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For Immediate Release,
7/18/2011
Contact:
Kathy Lane
Communications Director
(630) 775-2307
kathy.lane@nsc.org
 

Dallas Receives Recertification of Safe Communities America Designation 

Itasca, IL – As part of a worldwide movement to reduce injuries and save lives, Dallas was the first city in the United States to be designated an international Safe Community in 1996. Now, 15 years later, they have renewed their commitment to the people of Dallas by completing the recertification process. The Safe Communities America program from the National Safety Council oversaw the process as part of its responsibility as the U.S. Certifying Center of the World Health Organization Collaborating Center for Community Safety Promotion where this international movement began. 

Led by the Injury Prevention Center of Greater Dallas, the city has made numerous strides in safety during the past 15 years. Some of their success stories include:

  • Installed approximately 26,000 smoke alarms through Operation Installation, providing protection to more than 42,000 people since 1999.
  • 60% decrease in house fire death rates in high risk neighborhoods since Operation Installation was implemented, and a 40% decrease in the average number of house fire deaths for all of the city of Dallas.
  • Distributed approximately 20,500 child passenger safety seats.
  • 17% to 30% increase in correct child passenger safety seat use in high risk neighborhoods, and a 19% increase in correct child passenger safety seat use for all of the city of Dallas.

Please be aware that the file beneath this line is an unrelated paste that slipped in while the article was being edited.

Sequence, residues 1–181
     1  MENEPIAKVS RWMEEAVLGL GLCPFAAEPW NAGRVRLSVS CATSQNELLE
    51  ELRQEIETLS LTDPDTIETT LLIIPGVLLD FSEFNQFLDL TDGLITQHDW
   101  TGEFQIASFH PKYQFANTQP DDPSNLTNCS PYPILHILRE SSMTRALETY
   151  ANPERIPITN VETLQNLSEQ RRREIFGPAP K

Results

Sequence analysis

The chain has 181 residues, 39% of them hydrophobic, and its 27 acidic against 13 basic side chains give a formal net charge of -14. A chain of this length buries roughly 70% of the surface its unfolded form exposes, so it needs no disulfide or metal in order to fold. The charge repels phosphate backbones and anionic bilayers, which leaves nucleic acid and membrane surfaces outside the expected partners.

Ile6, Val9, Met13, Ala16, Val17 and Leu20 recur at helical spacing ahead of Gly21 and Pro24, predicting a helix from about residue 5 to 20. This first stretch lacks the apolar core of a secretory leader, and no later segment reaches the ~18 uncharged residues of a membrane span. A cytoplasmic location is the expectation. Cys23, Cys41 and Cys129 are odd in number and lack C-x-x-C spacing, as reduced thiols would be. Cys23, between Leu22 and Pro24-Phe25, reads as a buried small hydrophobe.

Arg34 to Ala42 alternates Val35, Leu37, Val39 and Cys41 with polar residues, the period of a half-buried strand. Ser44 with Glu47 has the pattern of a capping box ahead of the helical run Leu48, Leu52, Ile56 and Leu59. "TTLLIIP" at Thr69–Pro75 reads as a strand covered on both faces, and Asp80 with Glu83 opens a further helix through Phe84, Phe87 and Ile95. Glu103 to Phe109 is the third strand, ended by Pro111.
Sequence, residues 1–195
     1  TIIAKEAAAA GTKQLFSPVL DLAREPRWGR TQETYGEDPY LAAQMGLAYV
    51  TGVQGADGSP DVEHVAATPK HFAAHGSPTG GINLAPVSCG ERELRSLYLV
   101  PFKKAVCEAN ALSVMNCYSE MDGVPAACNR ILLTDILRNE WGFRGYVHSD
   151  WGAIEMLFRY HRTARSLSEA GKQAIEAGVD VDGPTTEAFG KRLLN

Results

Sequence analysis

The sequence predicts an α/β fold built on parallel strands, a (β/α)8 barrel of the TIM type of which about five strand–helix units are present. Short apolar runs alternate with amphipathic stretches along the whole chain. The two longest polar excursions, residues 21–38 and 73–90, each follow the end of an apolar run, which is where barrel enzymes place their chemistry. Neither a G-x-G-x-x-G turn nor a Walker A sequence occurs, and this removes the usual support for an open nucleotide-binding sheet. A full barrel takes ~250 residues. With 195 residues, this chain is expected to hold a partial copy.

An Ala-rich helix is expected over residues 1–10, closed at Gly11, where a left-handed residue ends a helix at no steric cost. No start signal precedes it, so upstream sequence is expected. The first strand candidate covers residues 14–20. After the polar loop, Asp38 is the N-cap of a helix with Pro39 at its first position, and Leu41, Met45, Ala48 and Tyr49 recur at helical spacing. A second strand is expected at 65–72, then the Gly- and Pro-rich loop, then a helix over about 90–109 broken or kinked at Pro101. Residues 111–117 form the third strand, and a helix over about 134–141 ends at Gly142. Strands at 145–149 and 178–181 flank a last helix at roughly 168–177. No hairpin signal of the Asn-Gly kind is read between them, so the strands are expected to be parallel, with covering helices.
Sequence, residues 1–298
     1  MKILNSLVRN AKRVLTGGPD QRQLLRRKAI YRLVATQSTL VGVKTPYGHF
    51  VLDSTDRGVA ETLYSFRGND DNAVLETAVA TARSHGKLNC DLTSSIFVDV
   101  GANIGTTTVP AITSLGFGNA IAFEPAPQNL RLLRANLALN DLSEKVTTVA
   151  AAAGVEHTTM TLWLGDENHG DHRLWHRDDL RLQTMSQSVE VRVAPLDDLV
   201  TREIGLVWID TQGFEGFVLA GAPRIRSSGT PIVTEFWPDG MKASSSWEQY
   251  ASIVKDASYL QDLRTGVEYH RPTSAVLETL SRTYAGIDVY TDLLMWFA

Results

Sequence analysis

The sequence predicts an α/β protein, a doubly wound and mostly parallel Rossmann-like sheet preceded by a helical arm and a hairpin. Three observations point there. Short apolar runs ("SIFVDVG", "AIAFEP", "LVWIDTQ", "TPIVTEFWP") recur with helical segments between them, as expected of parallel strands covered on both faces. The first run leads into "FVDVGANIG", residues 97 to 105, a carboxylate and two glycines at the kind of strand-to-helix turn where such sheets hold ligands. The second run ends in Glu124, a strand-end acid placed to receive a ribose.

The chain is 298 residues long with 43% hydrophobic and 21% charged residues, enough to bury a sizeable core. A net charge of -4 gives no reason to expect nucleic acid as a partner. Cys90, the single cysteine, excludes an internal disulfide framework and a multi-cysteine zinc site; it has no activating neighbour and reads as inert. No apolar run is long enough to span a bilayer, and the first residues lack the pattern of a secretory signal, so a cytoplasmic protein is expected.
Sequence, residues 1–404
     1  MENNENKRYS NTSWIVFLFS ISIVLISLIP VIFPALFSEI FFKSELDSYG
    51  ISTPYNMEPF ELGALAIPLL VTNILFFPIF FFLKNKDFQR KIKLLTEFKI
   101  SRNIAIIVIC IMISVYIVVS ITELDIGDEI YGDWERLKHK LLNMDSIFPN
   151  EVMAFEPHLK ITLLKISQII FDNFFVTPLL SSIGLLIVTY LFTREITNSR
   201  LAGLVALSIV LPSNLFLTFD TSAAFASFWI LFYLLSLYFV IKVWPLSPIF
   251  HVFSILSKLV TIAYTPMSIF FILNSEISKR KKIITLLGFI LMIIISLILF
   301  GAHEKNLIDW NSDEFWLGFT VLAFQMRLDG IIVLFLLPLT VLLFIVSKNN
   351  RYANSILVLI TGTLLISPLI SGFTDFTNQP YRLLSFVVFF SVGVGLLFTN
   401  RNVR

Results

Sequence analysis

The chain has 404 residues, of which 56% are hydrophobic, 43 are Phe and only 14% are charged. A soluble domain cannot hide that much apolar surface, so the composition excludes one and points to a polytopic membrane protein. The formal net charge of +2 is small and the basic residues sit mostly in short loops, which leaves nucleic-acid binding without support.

Moving forward, Dallas hopes to expand on past achievements as well as explore new safety endeavors.  

“Because of our commitment to evaluation, we have been able to determine which strategies are producing the desired results and which ones are not,” said Shelli Stephens-Stidham, director of IPC. “The strategies being implemented are more effective, which continues to make Dallas a safer city.” 

This continual dedication to safety is precisely what the Safe Communities program is intended to foster. 

“Community safety is a process of continuous improvement,” said Donna Stein-Harris, senior director of Safe Communities America for the National Safety Council. “We are pleased Dallas continues to improve its safety performance and protect its citizens by redesignating. As a large metropolitan city, Dallas has unique challenges, but it has been particularly successful in encouraging all sectors of its community to work together for the greater good.” 

When Dallas was first certified as a Safe Community, it created a comprehensive safety plan with the help of local businesses, fire protection districts, park districts, law enforcement, public health organizations and schools. This initial plan has been evaluated and updated to meet the city’s current needs to keep everyone safer. 

The International Safe Community designation is awarded based on six indicators:

  • A cross-sectional partnership responsible for the promotion of community safety
  • Long-term sustainable programs for all genders, ages, environments and situations
  • Programs targeting high-risk groups and environments
  • Programs documenting the frequency and causes of injuries
  • Evaluation measures to assess programs and the effects of change
  • Ongoing participation in national and international Safe Communities networks 

“I am proud and honored to be part of making Dallas the safest city to live, learn, work and play in Texas, the United States and the world,” Stephens-Stidham said.  

The redesignation ceremony is scheduled for 11:30 a.m. to 1:30 p.m. on Wednesday, July 20, during a luncheon at Five Sixty by Wolfgang Puck in downtown Dallas. Several city officials will be in attendance. 

The new plan was approved by the National Safety Council as the designated certifying center in the United States for the World Health Organization Collaborating Center for Community Safety Promotion. For more information, please visit www.safecommunitiesamerica.org. 

The National Safety Council (nsc.org) saves lives by preventing injuries and deaths at work, in homes and communities, and on the roads through leadership, research, education and advocacy.

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